Room Three at Balclutha Primary School asks :-

How do jellyfish sting?

Jean Mckinnon, a marine zoologist at the University of Otago, responded.

Jellyfish and their relatives the sea anemones all have special cells in the skin called cnidocytes. These are especially abundant on their tentacles. Inside the cnidocytes are harpoon shaped structures called nematocysts, these are the stings. They are triggered when something such as a small fish or shrimp brushes past a hair-like structure (called a cnidocil), which acts like a trigger. When the cnidocil is triggered the lid or operculum of the cell opens and hydrostatic (water) pressure turns it inside out and the nematocyst explodes to the outside.

The nematocyst often remains attached to the animal by a threadlike tube, which may have spines on it. The animal uses the thread to reel its catch into the central mouth. There is a lot of variation in the spines on the thread, there are as many as thirty different types and these can help jellyfish scientists work out what sort of jellyfish they are looking at.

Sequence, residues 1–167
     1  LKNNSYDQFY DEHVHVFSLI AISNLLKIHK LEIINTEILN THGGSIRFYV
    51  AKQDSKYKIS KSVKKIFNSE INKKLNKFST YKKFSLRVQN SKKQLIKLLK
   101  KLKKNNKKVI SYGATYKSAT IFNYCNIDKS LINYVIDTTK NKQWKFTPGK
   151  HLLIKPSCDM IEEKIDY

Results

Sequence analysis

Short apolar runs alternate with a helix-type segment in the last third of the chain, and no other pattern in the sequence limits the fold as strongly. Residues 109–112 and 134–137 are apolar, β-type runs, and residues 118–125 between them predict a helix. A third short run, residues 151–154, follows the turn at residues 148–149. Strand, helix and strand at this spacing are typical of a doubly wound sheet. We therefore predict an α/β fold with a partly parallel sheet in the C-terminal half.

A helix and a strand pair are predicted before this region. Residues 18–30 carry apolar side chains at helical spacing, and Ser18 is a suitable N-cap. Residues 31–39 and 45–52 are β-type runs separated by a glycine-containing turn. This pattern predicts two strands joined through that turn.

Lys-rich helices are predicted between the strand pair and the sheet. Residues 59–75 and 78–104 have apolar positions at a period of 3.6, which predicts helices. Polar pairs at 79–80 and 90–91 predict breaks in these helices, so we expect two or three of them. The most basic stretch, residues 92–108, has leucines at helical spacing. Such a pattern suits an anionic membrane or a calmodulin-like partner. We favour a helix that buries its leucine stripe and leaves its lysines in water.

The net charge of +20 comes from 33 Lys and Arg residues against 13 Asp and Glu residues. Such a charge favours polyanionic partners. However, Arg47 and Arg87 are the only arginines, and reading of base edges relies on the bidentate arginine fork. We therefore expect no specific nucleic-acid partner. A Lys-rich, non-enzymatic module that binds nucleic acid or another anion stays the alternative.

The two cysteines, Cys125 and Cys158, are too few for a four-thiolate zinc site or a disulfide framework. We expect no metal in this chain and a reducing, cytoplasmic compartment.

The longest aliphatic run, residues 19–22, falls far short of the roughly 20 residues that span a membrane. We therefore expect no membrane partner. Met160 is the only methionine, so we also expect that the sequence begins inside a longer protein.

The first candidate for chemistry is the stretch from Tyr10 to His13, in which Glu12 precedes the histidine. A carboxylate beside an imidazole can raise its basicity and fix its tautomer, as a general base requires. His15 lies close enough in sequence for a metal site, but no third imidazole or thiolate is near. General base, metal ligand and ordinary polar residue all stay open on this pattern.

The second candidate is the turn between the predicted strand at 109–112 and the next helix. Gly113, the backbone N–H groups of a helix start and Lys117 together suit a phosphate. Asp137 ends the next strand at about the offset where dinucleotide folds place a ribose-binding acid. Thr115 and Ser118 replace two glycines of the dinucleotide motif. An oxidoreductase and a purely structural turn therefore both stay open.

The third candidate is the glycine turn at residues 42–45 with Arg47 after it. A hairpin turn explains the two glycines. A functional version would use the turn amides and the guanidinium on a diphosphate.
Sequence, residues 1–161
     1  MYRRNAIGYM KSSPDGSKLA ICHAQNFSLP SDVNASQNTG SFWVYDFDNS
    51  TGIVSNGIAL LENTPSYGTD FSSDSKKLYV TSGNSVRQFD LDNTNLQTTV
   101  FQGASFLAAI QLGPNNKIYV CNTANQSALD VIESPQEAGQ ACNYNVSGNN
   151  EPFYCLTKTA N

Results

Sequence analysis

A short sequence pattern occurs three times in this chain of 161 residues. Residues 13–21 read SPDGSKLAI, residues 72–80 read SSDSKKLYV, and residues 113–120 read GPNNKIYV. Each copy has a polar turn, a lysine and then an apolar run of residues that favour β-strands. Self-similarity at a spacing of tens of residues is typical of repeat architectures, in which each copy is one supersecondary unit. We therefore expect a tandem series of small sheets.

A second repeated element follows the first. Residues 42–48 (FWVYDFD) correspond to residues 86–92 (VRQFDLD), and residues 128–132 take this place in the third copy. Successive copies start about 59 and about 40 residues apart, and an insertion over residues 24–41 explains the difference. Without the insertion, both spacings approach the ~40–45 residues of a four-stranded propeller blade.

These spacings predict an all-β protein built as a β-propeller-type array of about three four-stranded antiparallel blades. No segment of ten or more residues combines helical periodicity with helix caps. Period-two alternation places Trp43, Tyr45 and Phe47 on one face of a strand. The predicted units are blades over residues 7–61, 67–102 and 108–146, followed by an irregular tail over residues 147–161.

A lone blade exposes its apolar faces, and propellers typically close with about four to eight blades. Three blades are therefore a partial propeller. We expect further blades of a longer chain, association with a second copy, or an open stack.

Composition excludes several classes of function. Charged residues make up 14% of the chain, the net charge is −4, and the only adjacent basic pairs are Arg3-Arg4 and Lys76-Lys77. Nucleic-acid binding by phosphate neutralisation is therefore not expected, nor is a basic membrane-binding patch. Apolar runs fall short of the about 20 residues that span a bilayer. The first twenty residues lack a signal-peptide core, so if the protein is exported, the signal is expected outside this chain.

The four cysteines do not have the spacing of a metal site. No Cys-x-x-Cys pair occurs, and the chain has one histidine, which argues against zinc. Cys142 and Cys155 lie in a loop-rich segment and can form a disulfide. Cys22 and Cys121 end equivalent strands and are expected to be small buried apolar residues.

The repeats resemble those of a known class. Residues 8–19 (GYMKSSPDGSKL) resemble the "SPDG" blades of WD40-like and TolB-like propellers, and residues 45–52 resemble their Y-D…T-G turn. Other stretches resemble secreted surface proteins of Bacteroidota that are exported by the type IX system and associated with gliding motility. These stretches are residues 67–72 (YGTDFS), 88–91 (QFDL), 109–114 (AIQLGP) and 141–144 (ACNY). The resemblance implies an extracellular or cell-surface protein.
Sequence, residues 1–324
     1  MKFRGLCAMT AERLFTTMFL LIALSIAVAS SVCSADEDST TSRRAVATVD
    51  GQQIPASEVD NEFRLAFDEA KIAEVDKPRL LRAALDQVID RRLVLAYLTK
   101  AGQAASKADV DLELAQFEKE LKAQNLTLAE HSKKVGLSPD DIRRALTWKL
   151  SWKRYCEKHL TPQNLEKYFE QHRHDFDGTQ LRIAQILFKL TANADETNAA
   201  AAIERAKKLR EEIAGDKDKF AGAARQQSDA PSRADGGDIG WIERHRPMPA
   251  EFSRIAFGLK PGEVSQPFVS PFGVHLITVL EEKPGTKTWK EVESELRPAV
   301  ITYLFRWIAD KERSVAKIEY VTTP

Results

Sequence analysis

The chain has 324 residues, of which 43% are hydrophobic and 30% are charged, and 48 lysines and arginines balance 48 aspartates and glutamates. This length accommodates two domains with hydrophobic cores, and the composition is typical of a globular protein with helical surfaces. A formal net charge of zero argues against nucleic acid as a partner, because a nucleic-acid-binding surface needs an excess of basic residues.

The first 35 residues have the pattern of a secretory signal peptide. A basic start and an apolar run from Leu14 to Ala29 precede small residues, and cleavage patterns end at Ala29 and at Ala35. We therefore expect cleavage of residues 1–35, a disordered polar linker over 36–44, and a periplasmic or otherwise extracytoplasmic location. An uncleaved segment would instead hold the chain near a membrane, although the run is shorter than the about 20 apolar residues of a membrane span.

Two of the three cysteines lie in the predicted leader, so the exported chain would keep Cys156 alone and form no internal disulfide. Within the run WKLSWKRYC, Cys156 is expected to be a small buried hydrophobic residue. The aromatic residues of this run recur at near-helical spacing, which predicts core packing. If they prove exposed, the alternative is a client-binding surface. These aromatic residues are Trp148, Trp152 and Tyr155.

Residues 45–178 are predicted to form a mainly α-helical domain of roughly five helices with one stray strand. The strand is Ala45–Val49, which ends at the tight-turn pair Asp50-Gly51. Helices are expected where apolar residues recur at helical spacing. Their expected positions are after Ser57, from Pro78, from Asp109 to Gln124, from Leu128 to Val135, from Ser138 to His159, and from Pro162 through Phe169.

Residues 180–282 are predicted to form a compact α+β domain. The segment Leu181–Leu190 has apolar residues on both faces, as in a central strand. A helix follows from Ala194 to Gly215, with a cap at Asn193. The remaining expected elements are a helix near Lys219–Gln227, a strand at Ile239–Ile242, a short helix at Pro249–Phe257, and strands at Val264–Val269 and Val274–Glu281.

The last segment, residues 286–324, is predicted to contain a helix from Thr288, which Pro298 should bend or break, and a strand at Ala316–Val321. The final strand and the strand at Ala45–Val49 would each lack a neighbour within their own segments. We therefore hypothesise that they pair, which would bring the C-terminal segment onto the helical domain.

Some nematocysts can deliver poison to the prey. The poisons can have an effect on the nerves; the blood, the muscles and some can even make tissues rot. Most of the poisons do not affect on humans much, but some can be very painful such as the Portuguese man-o-war (Physalia sp) and some can be fatal such as the Box jellyfish (Chironex sp). Fortunately New Zealand has very few of these. The Portuguese man-o-war is our most common stinger along with the harmless Moon jelly (Aurelia sp).